There would have been something definite missing from Dante's brain had he never read the Aeneid. But what exactly would be missing? How can we quantify it and give it a name? Others have tried to name it: genius; inspiration; the heavenly muse. Which are nice phrases, but they're kinda vague and unscientific. Perhaps if we try to quantify this we can start to get some idea of what's really going on behind the scenes.

So how did Dante learn to write the way he did? How did he gain his knowledge of the Aeneid? Easy--he read it. He probably read it many times, which had a great impact on his writing style and modes of thought. He probably even learned to recite many parts of it. The sequences of words and ideas he read changed the patterns of words and ideas he thought. He reinforced those patterns of words in his mind by reading and reflecting upon them.

So what is the act of reading? Is it just sitting hunched in a chair squinting at dead tree pulp? Well yes, but it's more than that. Something inside our brain is making sense of the squiggly lines we see. In the deepest phases of reading our brain is engaged in a mental juggling act. Symbols, in the form of written words, are connected and created and forgotten while our minds go through the arduous task of making sense of the world. Our brains are symbolic computers that extract meaning from the world in order to better adapt to our environment. Our language models haven't yet become that subtle--right now they're still at the stage of mimicking human-written text--but there's no reason to think they wont get there.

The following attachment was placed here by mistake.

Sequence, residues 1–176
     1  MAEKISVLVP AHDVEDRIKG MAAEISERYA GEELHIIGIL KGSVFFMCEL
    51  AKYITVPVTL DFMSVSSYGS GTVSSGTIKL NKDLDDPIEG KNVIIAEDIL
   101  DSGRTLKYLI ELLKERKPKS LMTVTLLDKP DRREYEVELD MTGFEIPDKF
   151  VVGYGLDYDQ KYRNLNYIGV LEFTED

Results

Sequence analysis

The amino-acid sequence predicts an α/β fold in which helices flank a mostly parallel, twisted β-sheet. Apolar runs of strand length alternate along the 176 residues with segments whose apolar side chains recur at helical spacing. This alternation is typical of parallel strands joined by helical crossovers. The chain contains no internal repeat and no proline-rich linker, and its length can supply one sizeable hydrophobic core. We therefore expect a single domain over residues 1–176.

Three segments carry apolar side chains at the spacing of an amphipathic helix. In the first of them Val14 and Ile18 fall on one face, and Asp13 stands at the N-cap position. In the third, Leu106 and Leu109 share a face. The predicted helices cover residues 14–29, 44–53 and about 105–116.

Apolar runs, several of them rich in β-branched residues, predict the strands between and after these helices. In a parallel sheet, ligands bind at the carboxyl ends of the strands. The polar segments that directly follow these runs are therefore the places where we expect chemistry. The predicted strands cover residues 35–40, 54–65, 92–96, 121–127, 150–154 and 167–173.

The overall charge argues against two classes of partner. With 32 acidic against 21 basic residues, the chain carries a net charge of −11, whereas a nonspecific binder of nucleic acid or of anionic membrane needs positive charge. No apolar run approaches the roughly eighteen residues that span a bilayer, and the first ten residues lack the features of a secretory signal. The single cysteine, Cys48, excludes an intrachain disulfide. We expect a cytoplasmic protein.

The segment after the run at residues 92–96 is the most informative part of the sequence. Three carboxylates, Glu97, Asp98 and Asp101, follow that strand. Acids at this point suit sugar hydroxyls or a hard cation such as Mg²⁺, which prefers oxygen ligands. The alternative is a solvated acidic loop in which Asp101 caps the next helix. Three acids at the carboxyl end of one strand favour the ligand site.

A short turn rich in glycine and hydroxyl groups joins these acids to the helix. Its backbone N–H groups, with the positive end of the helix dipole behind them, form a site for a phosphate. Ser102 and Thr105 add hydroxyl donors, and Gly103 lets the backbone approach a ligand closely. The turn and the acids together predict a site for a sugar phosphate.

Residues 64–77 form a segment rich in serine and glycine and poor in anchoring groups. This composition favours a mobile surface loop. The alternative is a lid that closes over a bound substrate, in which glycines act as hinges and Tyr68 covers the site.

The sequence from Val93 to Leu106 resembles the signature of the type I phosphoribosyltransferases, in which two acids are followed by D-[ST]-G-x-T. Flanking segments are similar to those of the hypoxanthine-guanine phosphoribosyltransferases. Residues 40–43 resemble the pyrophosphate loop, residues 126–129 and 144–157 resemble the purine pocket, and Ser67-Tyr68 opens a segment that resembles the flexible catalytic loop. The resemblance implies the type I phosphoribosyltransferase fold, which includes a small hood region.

In a very real way our brains are trained by the things we see and experience. The connections of vast neural networks within our brains are subtly shifted as we go through life, always changing and adapting to survive in the environments we are faced with. From the Inuit to the Amazonian tribesman to the New York banker--no other complex species has been able to adapt to as wide a variety of habitats as humans have, and it's largely because our language abilities that human civilization has been able to prosper. But what is language? Going by all the breakthroughs in NLP research in the past five years, its likely not what we think it is.

Sentences are habits of mind. Our thoughts are the patterns we create for ourselves by emphasizing certain ways of thinking and ignoring others. They are symbolic short-hand for sequences of ideas that usually take many years to reinforce themselves. Because of this, algorithms like GPT-2 are able to exploit the probabilities of word order and write coherent text. My theory is that the reason these texts are so coherent is because this is also what our brains are doing when we produce language.